Recently I sat down with a couple of our resident XBRL Account Managers to see what their thoughts were on the clients’ knowledge of XBRL and whether going in-house would make sense. Here’s what I found out:
Question: What would you say are the most challenging aspects of XBRL for clients to understand?
XBRL Account Manager: Bleed-through and negations would be top of the list. Explaining the context of specific tagging can also be difficult. Someone can look at the definition, and it could look appropriate on its face. However, the definition can sometimes be misleading, and you have to look at the structure of the taxonomy to see where the definition was pulled from to be certain it is appropriate. It can also be hard to explain what actually happens within the code. For example, a client who transitions over to us from tagging on their own with a software will negate an item, but it will not reflect in the code. The presentation link base and the calculation link base will not match. It is difficult to explain why it’s not rendering in the code.
Question: Are you ever surprised by the coding errors that need to be corrected from previous vendors? What are some of the most common errors that you find yourself having to fix?
XBRL Account Managers: We are never surprised per se because, unfortunately, errors are frequent. That said the most common errors we find are inappropriate tagging. For instance, inconsistent parent and child relationships.
Question: How much time do you devote to keeping abreast all new SEC regulations?
XBRL Account Managers: Anytime there is a taxonomy update or new FASB guidance, we make sure we are familiar with it, and we spend quite a bit of time going through the guidance. Additionally, we get updates from major accounting firms, AICPA, FASB, and XBRL-US about changes that are coming down the pipeline but that have not yet been adopted. XBRL-US does not just update its members on new regulations, but also about any changes to their best practices. We train our team at least once a week on various topics including accounting guidance and taxonomy updates. And as founding members of the XBRL-US Center for Data Quality, we are deeply involved in the establishment of best practices as well.
Question: If you were the CFO of a public company, would you hire someone internally to take care of the creation of XBRL exhibits for you? Why or why not? No.
XBRL Account Managers: Absolutely not. That hired person is only going to have a fraction of the experience of a dedicated XBRL expert. You would be depending on someone who does four filings per year as opposed to an RDG manager for example that averages about 80 filings per year. Now, to be honest, if I was a CFO of a large company with unlimited funds, and I wanted to hire someone internally who I could send to XBRL workshops and have them focus exclusively on XBRL — I would go that route. But it sure seems inefficient to have a full time employee to do only four filings a year. Unless they are exclusively committed to the company’s XBRL reporting, they simply won’t have time to keep abreast of all the guidance. It just makes more sense to outsource.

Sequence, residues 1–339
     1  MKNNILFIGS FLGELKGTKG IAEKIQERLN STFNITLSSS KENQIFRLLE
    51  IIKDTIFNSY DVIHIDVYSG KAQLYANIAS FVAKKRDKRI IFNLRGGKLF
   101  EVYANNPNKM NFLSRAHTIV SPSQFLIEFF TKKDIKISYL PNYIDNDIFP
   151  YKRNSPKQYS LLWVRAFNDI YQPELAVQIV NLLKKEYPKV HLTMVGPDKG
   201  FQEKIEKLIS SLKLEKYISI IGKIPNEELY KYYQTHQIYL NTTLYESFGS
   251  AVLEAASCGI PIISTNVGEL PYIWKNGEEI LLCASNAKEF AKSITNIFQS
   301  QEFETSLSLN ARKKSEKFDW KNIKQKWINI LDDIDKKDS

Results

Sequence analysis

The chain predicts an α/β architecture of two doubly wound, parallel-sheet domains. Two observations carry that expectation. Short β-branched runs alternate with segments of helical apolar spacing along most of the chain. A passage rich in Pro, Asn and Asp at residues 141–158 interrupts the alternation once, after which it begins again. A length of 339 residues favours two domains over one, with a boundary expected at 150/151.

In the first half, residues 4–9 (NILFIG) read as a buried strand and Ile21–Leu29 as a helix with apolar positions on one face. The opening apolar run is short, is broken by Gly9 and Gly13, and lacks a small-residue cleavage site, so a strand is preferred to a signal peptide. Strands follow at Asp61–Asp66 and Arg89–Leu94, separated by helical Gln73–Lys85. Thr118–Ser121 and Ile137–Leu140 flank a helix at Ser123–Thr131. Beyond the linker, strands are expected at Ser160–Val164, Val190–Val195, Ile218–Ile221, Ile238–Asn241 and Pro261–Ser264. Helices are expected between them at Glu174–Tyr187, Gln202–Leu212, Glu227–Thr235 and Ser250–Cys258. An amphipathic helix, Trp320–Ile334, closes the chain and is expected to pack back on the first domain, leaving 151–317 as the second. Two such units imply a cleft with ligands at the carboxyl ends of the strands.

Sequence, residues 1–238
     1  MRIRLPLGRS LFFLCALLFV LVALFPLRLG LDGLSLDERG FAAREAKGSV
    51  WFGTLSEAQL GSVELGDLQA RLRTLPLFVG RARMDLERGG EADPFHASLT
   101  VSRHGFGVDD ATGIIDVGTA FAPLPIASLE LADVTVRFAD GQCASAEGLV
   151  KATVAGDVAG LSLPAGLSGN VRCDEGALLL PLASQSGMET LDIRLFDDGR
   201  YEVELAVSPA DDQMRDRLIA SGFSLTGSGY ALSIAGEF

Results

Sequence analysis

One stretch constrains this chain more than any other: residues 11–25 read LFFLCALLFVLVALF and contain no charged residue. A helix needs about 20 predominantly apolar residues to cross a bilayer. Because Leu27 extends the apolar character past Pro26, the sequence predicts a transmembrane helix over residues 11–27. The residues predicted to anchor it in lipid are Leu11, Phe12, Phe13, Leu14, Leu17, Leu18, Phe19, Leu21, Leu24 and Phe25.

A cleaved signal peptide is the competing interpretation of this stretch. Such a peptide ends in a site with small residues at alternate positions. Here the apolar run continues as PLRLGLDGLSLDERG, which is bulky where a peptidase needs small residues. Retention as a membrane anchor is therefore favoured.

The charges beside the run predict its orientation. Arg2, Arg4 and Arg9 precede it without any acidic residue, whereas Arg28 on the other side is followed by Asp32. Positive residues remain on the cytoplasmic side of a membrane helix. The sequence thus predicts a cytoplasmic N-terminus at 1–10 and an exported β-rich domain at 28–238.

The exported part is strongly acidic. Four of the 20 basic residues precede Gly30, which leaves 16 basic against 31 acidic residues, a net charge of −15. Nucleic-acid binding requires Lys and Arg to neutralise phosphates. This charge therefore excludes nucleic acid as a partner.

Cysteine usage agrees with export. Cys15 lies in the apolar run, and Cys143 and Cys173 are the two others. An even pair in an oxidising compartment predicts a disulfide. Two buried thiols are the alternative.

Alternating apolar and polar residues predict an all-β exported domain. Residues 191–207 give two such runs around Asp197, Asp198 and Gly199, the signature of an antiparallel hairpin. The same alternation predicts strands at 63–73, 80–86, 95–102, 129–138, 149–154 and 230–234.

Question: Why shouldn’t a company just outsource this process overseas?
XBRL Account Managers: Security first and foremost. This is time sensitive and pre-public information that we are dealing with, and sending it overseas prior to filing seems an unnecessary risk. However, a lack of US GAAP knowledge would also be a significant concern. It is doubtful that any foreign 3rd party provider is going to be as familiar as necessary with the same accounting standards as your financial statements.
Question: What do you say to a company that says: “My financials don’t change much from quarter to quarter and I already have my XBRL files built, so why can’t I just carry this forward and tag future filings myself? Seems simple enough.”
XBRL Account Managers: If your financials are in one consistent form, it does make it a bit easier. However, while your financial statements may not change, accounting standards are always changing. The taxonomy is also constantly changing. If your tagging does not change to keep pace with changes to the accounting standards and taxonomy, you will be left behind. Even the FASB guidance changes every month and we are constantly adopting these changes. If you have the same tagging for even a two year period– I guarantee that your tagging will be obsolete because everything around it has changed.
Question: Do you think that the SEC will ask for XBRL to be audited in the future?
XBRL Account Managers: Perhaps. However, before this happens, the SEC will have to push for increased consistency and quality on the XBRL reports, and they will have to increase their enforcement mechanisms to achieve this. The SEC is certainly going in that direction as they have already started to invest in-line XBRL, which would make auditing the XBRL more plausible.
So now the question goes to you- would you feel most comfortable hiring someone internally or outsourcing?
Written by : Divya Patel- VP Business Development
If you have any questions or would like any further detail, please feel free to contact Stewart Walker – SVP, Director of Sales